It is worth noting that many voices driving this conversation are incredibly compromised, and their appearance of genuine concern for Hart should be met with a deep skepticism. Free Press columnist Gordon Sinclair Jr’s apparent personal dedication to dragging Kinew’s name through the mud borders on the obsessive. Similarly, both failed NDP leadership contender Steve Ashton and the Progressive Conservatives have been actively seeking out every recorded misdeed of Kinew’s in order to defame – behaviour that ought to be condemned by anyone with a conscience.
All of these parties are exploiting the criminalization of young Indigenous men to portray Kinew as unfit for office. They are employing the full force of colonialism to further marginalize an Indigenous political leader, behaviour that puts their political practice firmly in line with white supremacy.
However, as despicable as the above behaviour is, none of it should have a bearing on whether we believe Hart’s story. She did not ask for these white men to speak for her, and now her credibility suffers at their hands.
This is heartbreaking situation. Kinew’s election is an important and historic moment in Manitoba politics, and it would be a tragedy for the first elected Indigenous party leader’s career to be torpedoed so quickly. Kinew would be best to take a leave of absence as leader until this matter can be investigated and a path to justice can be clearly laid out – anything else would be political suicide, and utterly immoral.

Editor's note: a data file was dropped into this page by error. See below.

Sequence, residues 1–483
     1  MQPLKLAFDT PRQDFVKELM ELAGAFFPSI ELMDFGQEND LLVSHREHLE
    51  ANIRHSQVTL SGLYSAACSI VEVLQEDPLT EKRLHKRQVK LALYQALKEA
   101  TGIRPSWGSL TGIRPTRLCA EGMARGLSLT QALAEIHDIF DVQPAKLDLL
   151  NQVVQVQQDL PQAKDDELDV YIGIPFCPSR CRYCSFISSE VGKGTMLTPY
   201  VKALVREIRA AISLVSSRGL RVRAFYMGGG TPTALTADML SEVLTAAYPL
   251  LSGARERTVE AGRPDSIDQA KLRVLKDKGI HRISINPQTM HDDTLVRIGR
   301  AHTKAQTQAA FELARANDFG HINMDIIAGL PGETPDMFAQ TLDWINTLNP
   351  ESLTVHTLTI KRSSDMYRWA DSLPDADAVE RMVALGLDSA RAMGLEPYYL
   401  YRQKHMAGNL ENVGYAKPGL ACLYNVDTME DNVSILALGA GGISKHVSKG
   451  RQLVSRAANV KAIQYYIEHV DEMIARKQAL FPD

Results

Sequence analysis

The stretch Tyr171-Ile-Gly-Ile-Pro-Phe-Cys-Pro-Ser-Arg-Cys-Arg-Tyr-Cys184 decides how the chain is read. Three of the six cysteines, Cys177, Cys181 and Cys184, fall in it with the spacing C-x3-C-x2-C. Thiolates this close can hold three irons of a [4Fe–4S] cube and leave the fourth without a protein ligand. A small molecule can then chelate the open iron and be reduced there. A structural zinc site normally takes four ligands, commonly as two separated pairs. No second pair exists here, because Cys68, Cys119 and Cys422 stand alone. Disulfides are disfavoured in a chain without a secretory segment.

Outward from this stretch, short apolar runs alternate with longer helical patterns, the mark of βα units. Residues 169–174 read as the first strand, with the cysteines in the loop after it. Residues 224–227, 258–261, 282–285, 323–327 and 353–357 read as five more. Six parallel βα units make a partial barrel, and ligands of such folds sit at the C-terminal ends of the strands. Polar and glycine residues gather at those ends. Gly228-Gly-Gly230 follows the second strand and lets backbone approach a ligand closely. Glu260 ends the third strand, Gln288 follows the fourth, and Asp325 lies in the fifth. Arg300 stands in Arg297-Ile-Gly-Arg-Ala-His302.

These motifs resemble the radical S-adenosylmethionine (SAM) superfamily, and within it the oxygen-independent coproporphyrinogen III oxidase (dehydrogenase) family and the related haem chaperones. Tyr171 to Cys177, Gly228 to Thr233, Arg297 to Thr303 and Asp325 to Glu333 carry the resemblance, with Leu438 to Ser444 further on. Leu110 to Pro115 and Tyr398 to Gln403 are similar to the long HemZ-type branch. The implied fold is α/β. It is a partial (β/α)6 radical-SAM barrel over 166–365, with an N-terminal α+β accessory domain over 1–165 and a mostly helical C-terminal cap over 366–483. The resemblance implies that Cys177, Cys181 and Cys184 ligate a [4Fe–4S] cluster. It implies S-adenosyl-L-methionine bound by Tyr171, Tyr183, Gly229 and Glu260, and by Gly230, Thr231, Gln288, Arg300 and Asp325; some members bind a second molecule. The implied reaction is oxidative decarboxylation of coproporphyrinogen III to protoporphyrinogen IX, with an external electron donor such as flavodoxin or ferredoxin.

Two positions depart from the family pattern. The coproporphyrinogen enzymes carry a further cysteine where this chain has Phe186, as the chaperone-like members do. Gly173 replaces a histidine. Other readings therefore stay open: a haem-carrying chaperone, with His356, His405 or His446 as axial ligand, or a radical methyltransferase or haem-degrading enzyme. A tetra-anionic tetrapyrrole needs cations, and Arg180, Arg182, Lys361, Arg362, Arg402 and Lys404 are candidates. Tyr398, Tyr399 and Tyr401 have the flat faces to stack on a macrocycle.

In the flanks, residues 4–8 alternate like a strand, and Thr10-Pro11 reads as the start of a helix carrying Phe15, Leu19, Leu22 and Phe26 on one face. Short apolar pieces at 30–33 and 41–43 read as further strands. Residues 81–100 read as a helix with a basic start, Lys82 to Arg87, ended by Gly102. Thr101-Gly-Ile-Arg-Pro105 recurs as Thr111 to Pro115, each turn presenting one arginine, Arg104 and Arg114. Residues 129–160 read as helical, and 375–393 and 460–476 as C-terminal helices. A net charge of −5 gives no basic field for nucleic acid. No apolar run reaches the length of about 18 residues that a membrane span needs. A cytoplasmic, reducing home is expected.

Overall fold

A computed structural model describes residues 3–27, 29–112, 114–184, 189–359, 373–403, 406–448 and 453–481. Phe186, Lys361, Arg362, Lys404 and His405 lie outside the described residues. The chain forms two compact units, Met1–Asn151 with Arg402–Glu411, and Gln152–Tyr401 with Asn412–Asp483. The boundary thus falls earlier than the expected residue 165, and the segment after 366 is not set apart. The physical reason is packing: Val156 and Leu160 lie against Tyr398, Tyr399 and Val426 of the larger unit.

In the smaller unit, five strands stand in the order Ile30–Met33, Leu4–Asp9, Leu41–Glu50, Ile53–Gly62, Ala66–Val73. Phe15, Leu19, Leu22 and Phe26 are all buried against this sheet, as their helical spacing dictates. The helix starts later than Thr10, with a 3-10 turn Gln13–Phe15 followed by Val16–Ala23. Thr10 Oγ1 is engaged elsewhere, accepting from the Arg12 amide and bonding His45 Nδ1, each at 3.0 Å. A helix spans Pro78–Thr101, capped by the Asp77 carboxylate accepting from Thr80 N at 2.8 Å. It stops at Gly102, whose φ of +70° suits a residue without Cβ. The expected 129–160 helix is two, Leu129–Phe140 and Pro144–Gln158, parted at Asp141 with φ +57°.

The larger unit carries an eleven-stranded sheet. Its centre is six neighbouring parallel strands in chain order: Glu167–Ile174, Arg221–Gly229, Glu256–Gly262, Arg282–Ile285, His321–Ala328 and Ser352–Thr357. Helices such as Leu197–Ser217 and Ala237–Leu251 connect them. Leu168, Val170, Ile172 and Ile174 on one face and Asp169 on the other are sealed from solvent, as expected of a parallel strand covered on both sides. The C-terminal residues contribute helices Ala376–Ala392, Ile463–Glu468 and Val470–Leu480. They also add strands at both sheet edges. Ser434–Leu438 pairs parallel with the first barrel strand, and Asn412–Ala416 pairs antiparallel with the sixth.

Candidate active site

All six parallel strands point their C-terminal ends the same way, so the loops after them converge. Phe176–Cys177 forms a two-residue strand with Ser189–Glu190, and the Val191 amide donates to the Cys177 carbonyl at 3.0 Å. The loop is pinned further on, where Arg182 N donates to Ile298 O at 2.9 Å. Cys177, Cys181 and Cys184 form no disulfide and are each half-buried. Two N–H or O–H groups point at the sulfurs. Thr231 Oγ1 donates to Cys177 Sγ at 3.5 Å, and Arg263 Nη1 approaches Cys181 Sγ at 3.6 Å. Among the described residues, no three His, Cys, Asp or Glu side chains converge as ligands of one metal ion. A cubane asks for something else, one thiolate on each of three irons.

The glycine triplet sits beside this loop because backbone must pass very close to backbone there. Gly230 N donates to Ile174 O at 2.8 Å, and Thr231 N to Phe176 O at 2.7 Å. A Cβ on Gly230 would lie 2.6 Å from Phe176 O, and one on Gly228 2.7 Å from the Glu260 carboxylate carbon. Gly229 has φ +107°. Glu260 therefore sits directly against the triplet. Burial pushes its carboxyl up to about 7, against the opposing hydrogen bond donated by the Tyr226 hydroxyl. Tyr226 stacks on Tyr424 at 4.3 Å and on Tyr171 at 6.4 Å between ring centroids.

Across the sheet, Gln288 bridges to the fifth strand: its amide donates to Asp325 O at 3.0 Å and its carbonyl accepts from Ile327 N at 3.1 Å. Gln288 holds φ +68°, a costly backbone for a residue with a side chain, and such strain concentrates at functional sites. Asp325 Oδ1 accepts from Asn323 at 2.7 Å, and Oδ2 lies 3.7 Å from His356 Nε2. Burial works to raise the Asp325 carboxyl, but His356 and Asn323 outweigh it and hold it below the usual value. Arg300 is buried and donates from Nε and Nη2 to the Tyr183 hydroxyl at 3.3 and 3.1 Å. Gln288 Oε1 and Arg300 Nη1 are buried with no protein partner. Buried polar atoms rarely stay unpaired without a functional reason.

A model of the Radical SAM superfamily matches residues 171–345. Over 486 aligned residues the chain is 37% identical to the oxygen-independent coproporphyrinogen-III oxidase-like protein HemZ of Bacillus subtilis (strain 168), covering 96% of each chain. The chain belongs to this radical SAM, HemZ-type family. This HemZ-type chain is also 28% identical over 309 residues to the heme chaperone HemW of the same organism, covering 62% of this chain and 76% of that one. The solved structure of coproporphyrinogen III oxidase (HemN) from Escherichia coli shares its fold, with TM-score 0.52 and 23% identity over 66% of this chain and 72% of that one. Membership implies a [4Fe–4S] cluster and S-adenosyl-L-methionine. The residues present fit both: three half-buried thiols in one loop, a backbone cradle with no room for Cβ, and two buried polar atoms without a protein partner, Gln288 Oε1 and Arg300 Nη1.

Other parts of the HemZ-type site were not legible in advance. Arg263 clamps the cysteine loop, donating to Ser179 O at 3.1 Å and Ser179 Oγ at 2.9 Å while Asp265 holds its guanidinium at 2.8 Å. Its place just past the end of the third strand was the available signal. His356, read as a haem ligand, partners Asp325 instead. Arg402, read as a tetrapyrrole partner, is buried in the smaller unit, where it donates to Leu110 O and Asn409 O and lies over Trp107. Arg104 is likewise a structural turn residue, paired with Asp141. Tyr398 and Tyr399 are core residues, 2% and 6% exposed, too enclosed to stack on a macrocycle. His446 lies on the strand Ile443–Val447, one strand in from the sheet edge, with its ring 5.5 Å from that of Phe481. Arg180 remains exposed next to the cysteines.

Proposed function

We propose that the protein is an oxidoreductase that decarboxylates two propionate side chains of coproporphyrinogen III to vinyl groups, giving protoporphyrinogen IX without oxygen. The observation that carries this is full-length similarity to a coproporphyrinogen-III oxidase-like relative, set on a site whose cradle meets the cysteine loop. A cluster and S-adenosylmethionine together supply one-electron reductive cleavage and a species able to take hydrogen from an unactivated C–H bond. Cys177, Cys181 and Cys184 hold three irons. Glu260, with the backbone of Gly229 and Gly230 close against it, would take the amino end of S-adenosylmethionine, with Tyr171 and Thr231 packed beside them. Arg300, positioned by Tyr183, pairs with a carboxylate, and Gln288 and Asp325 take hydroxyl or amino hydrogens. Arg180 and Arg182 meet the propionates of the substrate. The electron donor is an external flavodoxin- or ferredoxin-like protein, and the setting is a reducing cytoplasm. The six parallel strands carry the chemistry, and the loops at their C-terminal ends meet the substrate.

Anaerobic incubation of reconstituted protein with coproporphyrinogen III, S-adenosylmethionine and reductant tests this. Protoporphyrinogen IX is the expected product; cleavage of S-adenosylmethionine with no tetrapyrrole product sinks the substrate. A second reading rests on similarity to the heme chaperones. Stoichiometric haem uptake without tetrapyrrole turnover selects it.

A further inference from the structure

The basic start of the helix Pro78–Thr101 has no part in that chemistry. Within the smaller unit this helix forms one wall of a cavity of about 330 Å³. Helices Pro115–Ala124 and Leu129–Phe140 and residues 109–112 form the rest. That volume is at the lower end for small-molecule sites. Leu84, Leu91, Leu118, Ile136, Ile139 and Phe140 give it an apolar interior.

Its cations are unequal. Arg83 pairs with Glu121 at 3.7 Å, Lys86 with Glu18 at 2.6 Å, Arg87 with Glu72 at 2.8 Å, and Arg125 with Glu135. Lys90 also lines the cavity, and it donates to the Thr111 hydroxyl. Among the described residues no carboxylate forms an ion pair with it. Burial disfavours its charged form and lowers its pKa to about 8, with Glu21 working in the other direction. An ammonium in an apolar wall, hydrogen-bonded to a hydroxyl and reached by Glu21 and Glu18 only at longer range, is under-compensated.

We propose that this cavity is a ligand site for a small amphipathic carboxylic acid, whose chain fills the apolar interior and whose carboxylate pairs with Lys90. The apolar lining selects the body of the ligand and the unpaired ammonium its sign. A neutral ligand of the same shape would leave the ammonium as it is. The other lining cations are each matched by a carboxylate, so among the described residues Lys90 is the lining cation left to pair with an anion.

Let this case also serve as a reminder to all those within movements that claim to be feminist that we may have abusers within our ranks. Whether they are a mentor, a comrade, a political leader, or a friend, we must maintain a relentless commitment to hold them accountable.
In particular, men on the left must reject examples such as the one federal NDP leader Jagmeet Singh set with his continued support for Kinew, and do as much as they can to keep their peers in check, as too often that work falls entirely on the shoulders of women and trans people.
We cannot expect people to put their trust in our movement – in the world we seek to build – if we are not consistent in applying principles of emancipatory politics. We must always listen first not to those with power but those without it. We must struggle in service of victims – victims of patriarchy, of abuse, of exploitation – above all else.
To sacrifice the most vulnerable victims for the sake of preserving our movements’ political gains betrays these movements’ very spirit.